In FIGS. 6a and 6b, a connector using my design is shown along with shading to indicate the results of our finite element analysis of the stress levels in the connector. In this example, k is the lead of the engaged thread most remote from the shoulder and the lead in each turn toward the thrust connector decreases by n over the preceding lead. As may be seen, the concentration of stress at the thread closest to the shoulder is significantly reduced.
It should also be noted that the teachings of the present invention may be applied to those implants which are already in existence. For example, in an existing implant-based prosthesis wherein the connector is no longer secure, the present invention may be utilized by providing a new abutment with a variable lead male thread to replace the loosened, or removed abutment. The new abutment may have a variable lead female thread to receive a constant lead attachment screw, or it may have a constant lead female screw to receive a variable lead attachment screw. In either event, if the prosthesis has lost its stability due to the stress between the abutment and the implant, our invention provides a superior replacement abutment. Likewise, if the prosthesis has lost stability due to the stress between the abutment and the attachment screw, then an attachment screw, made in conformity to our invention, provides superior stability.
From the foregoing, it may be seen that we have devised a new and useful thread profile to be used in implant technology which directly addresses the concerns of dynamic and static stress and which can provide a more secure implant structure.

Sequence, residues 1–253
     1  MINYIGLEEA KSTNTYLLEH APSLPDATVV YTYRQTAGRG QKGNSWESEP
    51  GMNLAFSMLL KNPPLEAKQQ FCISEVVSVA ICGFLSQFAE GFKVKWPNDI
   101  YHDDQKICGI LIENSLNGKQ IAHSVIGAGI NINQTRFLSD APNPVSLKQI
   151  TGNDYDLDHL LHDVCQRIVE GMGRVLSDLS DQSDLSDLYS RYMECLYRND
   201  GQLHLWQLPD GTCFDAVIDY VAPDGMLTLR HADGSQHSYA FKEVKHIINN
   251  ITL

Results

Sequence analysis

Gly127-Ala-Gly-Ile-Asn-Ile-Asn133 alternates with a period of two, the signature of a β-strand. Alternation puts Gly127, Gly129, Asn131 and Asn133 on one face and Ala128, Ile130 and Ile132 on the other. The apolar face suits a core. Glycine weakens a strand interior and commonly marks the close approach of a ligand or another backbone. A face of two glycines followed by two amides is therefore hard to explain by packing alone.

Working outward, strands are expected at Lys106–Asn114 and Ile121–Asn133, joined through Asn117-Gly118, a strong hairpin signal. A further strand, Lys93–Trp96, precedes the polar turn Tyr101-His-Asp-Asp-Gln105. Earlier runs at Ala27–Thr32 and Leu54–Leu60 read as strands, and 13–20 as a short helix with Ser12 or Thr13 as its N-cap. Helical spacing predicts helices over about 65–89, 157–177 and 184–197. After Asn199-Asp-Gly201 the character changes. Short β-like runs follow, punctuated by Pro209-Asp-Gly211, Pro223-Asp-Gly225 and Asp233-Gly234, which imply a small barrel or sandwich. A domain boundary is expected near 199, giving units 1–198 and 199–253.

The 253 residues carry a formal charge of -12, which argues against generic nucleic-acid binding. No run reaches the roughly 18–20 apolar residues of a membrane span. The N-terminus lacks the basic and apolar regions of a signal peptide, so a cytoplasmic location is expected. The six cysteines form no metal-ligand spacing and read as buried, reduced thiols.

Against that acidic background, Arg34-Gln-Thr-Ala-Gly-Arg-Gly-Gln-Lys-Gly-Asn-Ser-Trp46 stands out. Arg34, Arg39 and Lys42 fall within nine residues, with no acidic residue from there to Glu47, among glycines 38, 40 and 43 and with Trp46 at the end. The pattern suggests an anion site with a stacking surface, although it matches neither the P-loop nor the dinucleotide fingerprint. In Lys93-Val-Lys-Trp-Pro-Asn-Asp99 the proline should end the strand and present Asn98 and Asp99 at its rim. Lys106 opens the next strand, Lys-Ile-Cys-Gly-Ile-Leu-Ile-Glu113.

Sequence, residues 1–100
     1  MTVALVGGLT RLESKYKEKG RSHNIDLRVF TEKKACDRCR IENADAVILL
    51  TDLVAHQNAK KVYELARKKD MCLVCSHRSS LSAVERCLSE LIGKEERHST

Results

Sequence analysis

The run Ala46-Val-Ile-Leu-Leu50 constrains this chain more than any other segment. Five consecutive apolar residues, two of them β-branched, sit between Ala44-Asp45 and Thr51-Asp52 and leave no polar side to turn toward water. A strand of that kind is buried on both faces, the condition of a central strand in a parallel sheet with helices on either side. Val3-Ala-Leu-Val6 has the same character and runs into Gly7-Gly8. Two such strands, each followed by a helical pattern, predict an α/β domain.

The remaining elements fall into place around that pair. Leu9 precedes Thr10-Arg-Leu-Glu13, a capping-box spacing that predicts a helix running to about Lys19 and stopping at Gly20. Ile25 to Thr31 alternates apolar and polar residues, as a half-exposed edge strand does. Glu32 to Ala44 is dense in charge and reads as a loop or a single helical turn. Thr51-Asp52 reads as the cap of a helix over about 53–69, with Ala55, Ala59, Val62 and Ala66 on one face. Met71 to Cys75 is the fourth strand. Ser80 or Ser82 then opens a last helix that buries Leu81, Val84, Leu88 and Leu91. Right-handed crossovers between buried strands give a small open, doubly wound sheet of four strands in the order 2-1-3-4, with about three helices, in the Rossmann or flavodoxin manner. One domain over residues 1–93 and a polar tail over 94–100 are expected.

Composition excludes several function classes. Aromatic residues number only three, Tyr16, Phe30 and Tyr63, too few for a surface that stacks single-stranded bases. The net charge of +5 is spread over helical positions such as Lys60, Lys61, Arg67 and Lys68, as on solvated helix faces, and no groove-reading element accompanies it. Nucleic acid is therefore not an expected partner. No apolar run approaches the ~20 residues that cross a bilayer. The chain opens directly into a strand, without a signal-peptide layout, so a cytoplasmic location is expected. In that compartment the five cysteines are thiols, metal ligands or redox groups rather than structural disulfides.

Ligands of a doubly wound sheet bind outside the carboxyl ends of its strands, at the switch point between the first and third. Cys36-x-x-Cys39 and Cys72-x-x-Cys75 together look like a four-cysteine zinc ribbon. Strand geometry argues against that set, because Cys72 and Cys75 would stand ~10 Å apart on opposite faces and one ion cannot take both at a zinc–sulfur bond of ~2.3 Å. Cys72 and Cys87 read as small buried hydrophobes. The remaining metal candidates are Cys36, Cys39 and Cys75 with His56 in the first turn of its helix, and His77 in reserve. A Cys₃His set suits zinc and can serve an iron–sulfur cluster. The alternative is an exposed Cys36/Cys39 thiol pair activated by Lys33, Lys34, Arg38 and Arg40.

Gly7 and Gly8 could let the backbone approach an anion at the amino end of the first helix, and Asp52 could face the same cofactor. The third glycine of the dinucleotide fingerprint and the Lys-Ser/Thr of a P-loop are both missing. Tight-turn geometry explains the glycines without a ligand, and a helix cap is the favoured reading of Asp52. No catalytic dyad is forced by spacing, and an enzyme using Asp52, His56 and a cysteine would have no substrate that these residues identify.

While we have shown our invention in one form, it will be obvious to those skilled in the art that it is not so limited but is susceptible of various changes and modifications without departing from the spirit thereof.
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|Clasificación de EE.UU.||433/174, 433/173, 606/309|
|Clasificación internacional||A61C8/00, A61F2/36, A61F2/30, A61F2/00, A61B17/74|
|Clasificación cooperativa||A61F2/3601, A61F2220/0041, A61C8/005, A61F2002/3611, A61C8/0059, A61F2002/30143, A61F2002/30433, A61C8/0069, A61F2002/30797, A61F2002/30919, A61F2002/3621, A61F2002/3079, A61F2002/30329, A61F2220/0008, A61F2002/30574, A61F2/30749, A61F2002/30425, A61F2002/30408, A61B17/742, A61F2220/0025, A61F2002/365, A61F2230/0017|
|Clasificación europea||A61C8/00G1, A61F2/36A|
|13 Feb 1995||AS||Assignment|
Owner name: CRYSTAL MEDICAL TECHNOLOGY, A DIVISION OF FOLSOM M
Free format text: ASSIGNMENT OF ASSIGNORS INTEREST;ASSIGNORS:BAILEY, A. GREGORY;FOLSOM, A. C., JR.;REEL/FRAME:007354/0053
Effective date: 19950207
|5 Sep 2000||SULP||Surcharge for late payment|
|5 Sep 2000||FPAY||Fee payment|
Year of fee payment: 4
|15 Sep 2004||REMI||Maintenance fee reminder mailed|
|25 Feb 2005||LAPS||Lapse for failure to pay maintenance fees|
|26 Abr 2005||FP||Expired due to failure to pay maintenance fee|
Effective date: 20040225